Vios Cafe and Marketplace

danieltalsky | Restaurants,Reviews | Thursday, October 30th, 2008

I've been complaining lately about Greek restaurants.  In case you haven't noticed, they're really bad.  Seriously, at this point, when I see "Greek Restaurant" I can pretty much assume it's going to be the same limp and sad diner food.

Dry-ass gyros (you could get better from any decent gyros stand), cold and hard moussaka, overdone vegetables in a pasty tomato sauce, greasy orzo.  Basically a $13 greasy plate of crap that you need a good, cold Mythos to wash down.

Am I being too harsh?  Probably, but I've noticed that if a "Greek" is code for this kind of diner food.  A perfect example is the overpriced Costas Opa in Fremont.  If it's good, then they bill it as "Mediterranean" and leave the Greek out of it.  There's one of these Greek restaurants in just about every neighborhood of any town.  It serves a purpose I suppose, but I've just about had enough of it for a lifetime.

That's why when Amanda said, "You want to go to the new Greek place by my house?" I was indeed dubious.  As we walked up I noticed that it said "Greek / Mediterranean", so I guess they're splitting the difference.  They serve Mythos, so it's Greek as far as I'm concerned.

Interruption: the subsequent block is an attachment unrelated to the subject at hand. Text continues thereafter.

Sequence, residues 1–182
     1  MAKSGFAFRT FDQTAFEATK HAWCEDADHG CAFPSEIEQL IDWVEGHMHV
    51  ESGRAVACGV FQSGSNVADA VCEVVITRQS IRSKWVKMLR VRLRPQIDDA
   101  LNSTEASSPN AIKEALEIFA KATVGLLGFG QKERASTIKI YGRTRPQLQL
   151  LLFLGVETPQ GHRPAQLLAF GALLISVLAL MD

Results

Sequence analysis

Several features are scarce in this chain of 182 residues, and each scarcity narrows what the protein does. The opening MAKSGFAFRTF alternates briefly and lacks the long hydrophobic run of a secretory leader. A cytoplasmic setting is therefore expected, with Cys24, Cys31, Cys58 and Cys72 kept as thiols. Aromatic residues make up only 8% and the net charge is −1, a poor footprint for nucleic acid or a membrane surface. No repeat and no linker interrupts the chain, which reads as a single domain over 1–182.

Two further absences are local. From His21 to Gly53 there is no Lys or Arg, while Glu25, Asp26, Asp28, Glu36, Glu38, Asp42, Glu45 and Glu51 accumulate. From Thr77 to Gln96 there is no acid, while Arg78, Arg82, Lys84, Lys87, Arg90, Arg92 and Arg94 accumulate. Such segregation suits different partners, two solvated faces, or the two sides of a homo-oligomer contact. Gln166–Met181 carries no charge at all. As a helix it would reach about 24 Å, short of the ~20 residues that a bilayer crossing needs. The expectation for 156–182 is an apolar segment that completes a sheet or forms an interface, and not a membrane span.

But then, I had some of the best Greek food I've ever tasted.

The restaurant lives on the back-side of Capitol Hill, where some of the foodie vibe of nearby Monsoon and The Kingfish Cafe clearly rub off on it.  I don't think anything else has succeeded in this space, but when we walked into the clean, bright restaurant, it was nearly packed on a Wednesday night, a good sign that it's caught on with the very locals.  It's got a big deli-case setup, but the food is priced like… well, humble fine-dining.

We had a couple of simple plates, Salami plate (from the truly spectacular-in-every-way Salumi) and triple-meze plate.  The pita was hot and fresh, and the baba-ganoush and tzatziki were fresh and vibrant and a little chunky just like they should be.

The star was my entree though: a pork stew.  It really was more of a terrine, where vegetables (and in this case, fruit) and meat are braised for a long time in a small amount of thick, flavorful braising sauce.  It was a gentle stew of roasted potato wedges, incredibly soft chunks of pork, and plums slices(!).  I can't tell you how much meat done right pleases me.

That was the only real dish we ordered, but I saw other lovely meat dishes come to people's place, and all looked done with the greatest care.

I think I'm ready to have another look at Greek food.

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